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The quantity $r$ must be a frequence, measured in hours $^{-1}$. So it cannot be measured in bacteria/hour/cell. If the number of bacteria is multiplied by 4 each hour, this means that $\exp r= 4,$ or $r= \ln 4$ , or 1, 39 per hours.

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One is a recurrence equation and the other is a general solution. These are basic concepts of mathematical modelling. Reccurence equation A recurrent equation describes the state of a system (here, heterozygosity $H$) at the next time step given the state in the previous time step. The recurrence relation is $H' = (1-1/2N)\times H$. Given the state $H$, ...

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I am a bit wobbly on the subject, but I think the most important bit of information is that they are re-parametrising Wright's (1951) hierarchical analysis of variation, "F-statistics," "hierarchical partitioning of variation," or "population parameters," depending on whom you ask. The parameters correspond as follows (on the bottom of p.1358): Fit=F, Fis=f, ...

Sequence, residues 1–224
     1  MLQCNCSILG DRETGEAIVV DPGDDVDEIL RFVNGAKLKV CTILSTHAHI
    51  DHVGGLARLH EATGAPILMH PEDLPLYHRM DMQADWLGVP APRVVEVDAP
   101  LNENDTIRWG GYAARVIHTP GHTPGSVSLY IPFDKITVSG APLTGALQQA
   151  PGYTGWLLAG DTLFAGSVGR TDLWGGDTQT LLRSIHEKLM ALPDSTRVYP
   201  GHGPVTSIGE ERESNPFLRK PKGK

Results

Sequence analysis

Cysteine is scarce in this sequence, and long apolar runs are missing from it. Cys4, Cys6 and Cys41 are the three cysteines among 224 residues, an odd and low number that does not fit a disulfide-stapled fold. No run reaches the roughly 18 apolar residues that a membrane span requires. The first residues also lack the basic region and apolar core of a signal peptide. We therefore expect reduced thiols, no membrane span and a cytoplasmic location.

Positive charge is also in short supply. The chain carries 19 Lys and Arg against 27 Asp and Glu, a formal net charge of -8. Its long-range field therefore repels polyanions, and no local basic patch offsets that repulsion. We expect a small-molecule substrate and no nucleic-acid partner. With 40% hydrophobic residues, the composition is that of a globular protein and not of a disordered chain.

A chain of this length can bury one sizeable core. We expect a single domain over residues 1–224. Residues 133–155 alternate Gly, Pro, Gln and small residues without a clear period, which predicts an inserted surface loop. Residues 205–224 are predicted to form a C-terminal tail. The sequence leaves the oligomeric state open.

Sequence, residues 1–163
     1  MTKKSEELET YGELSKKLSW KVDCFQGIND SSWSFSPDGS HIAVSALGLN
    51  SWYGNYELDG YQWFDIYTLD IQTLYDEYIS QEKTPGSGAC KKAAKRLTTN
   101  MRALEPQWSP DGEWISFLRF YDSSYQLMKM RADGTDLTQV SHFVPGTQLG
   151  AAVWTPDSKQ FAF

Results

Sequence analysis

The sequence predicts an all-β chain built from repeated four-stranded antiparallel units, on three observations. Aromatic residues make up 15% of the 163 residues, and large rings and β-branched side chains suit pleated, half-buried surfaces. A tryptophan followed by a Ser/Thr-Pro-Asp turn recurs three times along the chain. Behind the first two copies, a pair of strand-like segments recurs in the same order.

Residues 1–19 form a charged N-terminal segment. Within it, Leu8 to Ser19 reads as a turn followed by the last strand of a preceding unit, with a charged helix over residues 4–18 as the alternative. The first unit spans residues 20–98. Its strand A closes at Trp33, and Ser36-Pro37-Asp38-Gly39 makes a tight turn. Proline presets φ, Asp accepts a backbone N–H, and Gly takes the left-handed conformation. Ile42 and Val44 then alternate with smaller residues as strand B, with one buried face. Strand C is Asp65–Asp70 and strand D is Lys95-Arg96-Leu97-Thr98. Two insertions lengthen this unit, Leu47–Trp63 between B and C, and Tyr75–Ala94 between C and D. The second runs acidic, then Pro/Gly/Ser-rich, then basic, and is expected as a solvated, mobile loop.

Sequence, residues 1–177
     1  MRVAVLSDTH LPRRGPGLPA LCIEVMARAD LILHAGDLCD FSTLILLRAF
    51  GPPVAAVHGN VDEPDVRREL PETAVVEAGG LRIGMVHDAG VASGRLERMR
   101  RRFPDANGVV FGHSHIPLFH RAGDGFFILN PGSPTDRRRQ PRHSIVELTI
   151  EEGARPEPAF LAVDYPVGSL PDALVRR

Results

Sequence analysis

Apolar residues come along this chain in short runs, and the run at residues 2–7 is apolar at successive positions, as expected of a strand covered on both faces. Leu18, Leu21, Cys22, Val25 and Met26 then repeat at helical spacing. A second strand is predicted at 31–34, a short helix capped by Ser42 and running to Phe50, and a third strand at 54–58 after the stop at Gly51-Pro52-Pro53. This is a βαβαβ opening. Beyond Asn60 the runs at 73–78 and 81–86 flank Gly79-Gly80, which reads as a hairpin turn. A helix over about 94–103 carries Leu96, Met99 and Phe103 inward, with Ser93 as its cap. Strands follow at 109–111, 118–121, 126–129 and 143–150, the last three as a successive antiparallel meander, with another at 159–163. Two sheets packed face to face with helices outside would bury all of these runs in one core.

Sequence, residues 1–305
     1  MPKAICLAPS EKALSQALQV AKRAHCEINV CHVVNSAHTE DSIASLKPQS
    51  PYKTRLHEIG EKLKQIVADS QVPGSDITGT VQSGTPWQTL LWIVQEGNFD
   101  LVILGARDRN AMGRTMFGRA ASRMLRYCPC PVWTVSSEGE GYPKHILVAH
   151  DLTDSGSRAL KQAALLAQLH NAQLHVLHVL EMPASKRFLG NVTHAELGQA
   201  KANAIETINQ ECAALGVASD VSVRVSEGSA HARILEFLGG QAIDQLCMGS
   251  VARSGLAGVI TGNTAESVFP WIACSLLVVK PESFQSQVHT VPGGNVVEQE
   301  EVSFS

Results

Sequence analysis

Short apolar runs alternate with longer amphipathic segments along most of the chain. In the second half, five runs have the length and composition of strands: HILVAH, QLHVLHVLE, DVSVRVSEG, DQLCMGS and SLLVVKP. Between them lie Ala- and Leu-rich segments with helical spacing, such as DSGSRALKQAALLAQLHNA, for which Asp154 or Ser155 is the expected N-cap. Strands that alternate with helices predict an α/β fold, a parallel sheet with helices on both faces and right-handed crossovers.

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You can try to use some standart data sources, for example: NASA's Gridded Population of the World - LINK Geonames - LINK

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I disagree with GForce's explanation; the meaning is not that growth of prey populations causes instability in predator species. The sentence is merely saying that without predation, prey population growth is more likely to be at a level which leads to ecosystem instability. The term "but for predation" means "if it wasn't for the effects of predation". In ...

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It's essentially saying that high densities of prey species can cause ecosystem instability not only for themselves but also for the predators which prey upon them. In other words, high densities of prey species not only cause ecosystem instability by competing with each other, but this instability can move up the food chain and affect predators at higher ...

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